THE SPIRITUAL TEACHER ALICIA LOVES: COLE ARTHUR RILEY
The bestselling author and founder of Black Liturgies deepens our connection to “self-hood.”
– KEYS SOULCARE
Since its debut in the tumultuous summer of 2020, Cole Arthur Riley’s project Black Liturgies has grown to over 180K followers — including our Goddess-in-Chief. The writer and poet with roots in Pittsburgh, PA, has built the online sanctuary on the foundation of nurturing Black dignity through spiritual lessons, reminders, and affirmations.
Cole unapologetically expresses Black beauty, power, and rage in her own words and in the words of Black leaders who have informed her practice. In her New York Times bestselling book This Here Flesh: Spirituality, Liberation, and the Stories that Make Us, the spiritual teacher shares the collective sanctity of humanity through intergenerational anecdotes and dialogue. We chatted with the acclaimed author to learn more about her words, purpose, and vision for the future.
CAN YOU DESCRIBE THE PROCESS AROUND CREATING YOUR STUNNING DEBUT, THIS HERE FLESH?
I’d been interviewing people in my family for a few years — collecting and preserving stories where I could — just as a personal project. Initially, This Here Flesh was going to be a very different kind of book, but by the time I went to write it, the stories of my father and gramma, in particular, were just so awake in me. It was the only thing I could write. And so, I began to travel deeper into their stories alongside my own, many of which found a home in the book. I’d call one of them on Saturday and write the chapter on Sunday. In the end, I was most interested in connecting intergenerational storytelling with spirituality and questions of what it means to be human.
ALICIA IS A BIG FAN OF YOUR PROJECT, BLACK LITURGIES. WHAT’S YOUR HIGHEST VISION FOR THIS THRIVING + NECESSARY COMMUNITY?
When I started Black Liturgies, I thought it would be this small, intimate community. Maybe a dozen or so of us. Just a few weeks into it, I knew I had to shift my imagination for it a bit as [many] people began to follow and reach out. But while the size/form has shifted a bit, my purpose has stayed pretty firm, which is to integrate spiritual practice with Black literature, Black emotion, and the Black body. I want to see us closer to our true selves and grounded in the complexity and dignity of our selfhood. And I think that journey can only be taken in the company of others. I would love for Black Liturgies to be a part of that sacred company for folks.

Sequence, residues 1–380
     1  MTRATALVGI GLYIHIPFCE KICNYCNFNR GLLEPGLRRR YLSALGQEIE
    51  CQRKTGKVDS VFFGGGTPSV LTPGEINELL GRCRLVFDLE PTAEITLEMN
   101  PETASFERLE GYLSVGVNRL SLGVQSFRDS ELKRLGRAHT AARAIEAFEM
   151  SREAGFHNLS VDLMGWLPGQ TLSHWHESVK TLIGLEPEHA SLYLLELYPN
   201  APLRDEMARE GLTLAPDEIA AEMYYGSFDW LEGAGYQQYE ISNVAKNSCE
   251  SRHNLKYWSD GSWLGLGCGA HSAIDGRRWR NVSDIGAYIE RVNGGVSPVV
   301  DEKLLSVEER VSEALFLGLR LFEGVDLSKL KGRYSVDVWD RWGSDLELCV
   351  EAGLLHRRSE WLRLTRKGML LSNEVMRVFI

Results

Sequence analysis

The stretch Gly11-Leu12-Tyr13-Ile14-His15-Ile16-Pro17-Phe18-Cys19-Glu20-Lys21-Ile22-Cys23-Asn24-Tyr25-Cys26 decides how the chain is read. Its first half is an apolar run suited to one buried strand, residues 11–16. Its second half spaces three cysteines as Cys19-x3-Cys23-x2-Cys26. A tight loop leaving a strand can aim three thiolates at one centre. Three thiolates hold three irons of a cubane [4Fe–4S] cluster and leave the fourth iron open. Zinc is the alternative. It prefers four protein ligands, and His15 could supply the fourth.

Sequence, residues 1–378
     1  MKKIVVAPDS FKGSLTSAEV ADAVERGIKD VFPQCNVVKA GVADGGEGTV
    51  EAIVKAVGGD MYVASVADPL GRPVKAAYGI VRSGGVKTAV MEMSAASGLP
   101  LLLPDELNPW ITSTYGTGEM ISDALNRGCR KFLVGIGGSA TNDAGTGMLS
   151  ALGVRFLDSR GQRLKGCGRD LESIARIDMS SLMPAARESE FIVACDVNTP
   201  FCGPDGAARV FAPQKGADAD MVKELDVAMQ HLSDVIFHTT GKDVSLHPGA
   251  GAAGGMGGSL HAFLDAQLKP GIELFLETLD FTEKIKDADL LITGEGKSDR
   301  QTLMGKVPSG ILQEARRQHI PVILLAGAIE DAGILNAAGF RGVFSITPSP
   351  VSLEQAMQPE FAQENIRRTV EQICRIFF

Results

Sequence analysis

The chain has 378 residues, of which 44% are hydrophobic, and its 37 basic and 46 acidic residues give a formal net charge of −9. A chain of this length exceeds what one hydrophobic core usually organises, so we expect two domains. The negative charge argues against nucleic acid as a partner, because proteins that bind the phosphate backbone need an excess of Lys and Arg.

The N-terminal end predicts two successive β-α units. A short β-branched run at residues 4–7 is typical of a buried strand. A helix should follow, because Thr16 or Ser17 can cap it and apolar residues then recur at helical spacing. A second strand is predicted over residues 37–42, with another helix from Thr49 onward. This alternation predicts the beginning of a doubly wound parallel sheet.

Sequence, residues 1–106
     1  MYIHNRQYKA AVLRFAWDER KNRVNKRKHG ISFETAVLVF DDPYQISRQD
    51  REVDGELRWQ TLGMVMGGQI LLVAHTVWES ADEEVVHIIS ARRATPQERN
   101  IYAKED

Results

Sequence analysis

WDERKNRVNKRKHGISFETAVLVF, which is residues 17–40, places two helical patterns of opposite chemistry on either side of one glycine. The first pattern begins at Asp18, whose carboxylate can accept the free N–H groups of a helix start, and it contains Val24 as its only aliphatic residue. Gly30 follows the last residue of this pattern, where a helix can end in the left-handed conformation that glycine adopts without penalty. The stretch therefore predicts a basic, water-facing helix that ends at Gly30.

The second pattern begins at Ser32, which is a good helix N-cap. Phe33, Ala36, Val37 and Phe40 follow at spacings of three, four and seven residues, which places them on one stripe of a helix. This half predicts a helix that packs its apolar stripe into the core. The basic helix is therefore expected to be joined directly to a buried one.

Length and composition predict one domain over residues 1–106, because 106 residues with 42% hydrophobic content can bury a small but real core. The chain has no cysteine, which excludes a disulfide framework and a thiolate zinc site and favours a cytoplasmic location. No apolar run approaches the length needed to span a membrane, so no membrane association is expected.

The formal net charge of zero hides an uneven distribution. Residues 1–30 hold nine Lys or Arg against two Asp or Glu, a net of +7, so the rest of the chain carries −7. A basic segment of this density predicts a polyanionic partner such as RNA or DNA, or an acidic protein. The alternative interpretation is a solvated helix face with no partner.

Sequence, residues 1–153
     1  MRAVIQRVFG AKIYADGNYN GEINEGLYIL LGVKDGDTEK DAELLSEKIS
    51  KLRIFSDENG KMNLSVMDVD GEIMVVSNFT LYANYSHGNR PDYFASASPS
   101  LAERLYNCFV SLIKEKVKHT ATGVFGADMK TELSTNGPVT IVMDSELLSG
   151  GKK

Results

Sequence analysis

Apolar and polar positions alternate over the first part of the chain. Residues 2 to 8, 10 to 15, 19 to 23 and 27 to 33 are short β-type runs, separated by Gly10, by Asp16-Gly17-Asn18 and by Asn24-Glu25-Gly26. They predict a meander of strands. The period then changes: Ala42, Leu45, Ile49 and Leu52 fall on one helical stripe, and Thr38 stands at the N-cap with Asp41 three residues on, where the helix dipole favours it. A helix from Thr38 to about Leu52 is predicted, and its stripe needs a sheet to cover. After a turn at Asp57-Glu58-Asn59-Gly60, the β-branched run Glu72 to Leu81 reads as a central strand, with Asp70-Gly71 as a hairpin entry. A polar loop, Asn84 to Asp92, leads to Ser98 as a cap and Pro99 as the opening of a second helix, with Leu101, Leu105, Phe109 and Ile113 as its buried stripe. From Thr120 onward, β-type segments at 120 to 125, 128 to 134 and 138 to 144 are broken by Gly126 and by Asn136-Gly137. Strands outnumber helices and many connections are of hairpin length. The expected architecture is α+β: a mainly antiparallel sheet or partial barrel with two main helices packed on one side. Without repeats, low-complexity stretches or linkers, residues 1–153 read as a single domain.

WHAT IS THE THEME OF THIS SEASON OF YOUR LIFE?
Memory. Lately, I’ve been trying to practice remembrance more intentionally. I can often live in the past but from a place of anxiety, not true remembrance. So I’m trying to excavate some memories without so much stress and judgment, but instead as a form of honoring what stories I contain.
WHAT MANTRA, AFFIRMATION, OR QUOTE DO YOU TURN TO FOR COMFORT OR PEACE?
“Not all speed is movement.” —Toni Cade Bambara.
In the essay [“On the Issue of Roles”], she was referring to Black liberation, but it has a way of steadying my soul in [various] situations. In general, I live a pretty slow life; I have a number of health issues that have required it. But there are days I feel the urgency of the world creep into my own rhythms of life, and I have to check myself. “Not all speed is movement.” Rest can be very liberating. Slowness is beauty.
WHAT HAVE YOU RECENTLY LEARNED ABOUT YOURSELF?
I’m beginning to realize that I’m a perfectionist. My whole life, I would gasp at the poor souls out there stressing over grades or their to-do lists — I felt so sorry for them — but I’m beginning to think perfectionism shows up in distinct ways in Black women.
Some of us don’t fit the film or TV trope of the high-strung white girl. That image always felt so distant from how I present in the world that I never considered [myself to be a perfectionist]. But there is a perfectionism that I think is more subtle, maybe one born of survival. Like if this isn’t perfect, if I’m not perfect, what will happen to me? Will I make it? I’m trying to confront the origin of that relentless inner critic. It’s quiet, but it’s in me.
WHAT HAVE YOU RECENTLY UNLEARNED ABOUT YOURSELF?
That I’m not a burden.
WHAT’S YOUR SOULCARE RITUAL? HOW DO YOU LIKE TO REFILL YOUR CUP?
I start my mornings with silence. Usually, [about] an hour where I’m just not speaking. It’s very easy for me to get carried out of myself and into other people’s emotions or expressions. Silence always brings me home.
I’ve also surrounded myself with [a small circle of] people who are truth-tellers and artists — deep but also funny as hell — and they keep me grounded.
WHEN DO YOU FEEL MOST CONNECTED TO YOUR HIGHEST SELF?
When I’m present in my body. For so long, I neglected the physical. I saw the body as secondary to the soul. (Dangerous misconception.) Especially living life in a Black and chronically ill body, I cannot afford to live a disembodied life. I need to pay attention. And when I’m listening to my body, when I’m honoring it, I feel most whole.
WHAT IS YOUR HIGHEST VISION FOR YOURSELF?
That I would create more than I destroy.
WE DEFINE LIGHTWORKERS AS THOSE THAT BRING AND SPREAD LIGHT AND POSITIVITY INTO THE WORLD. WHAT MAKES YOU A LIGHTWORKER?
Maybe that’s more aspirational for me still. I’m not a very “positive” person, sadly. But I try to tell the truth and listen more than I talk. I’d like to think that has been a kind of light to someone.
Let’s take a chapter from Cole’s book: How can you thank your body this week? Share your high-vibe rituals in the comments!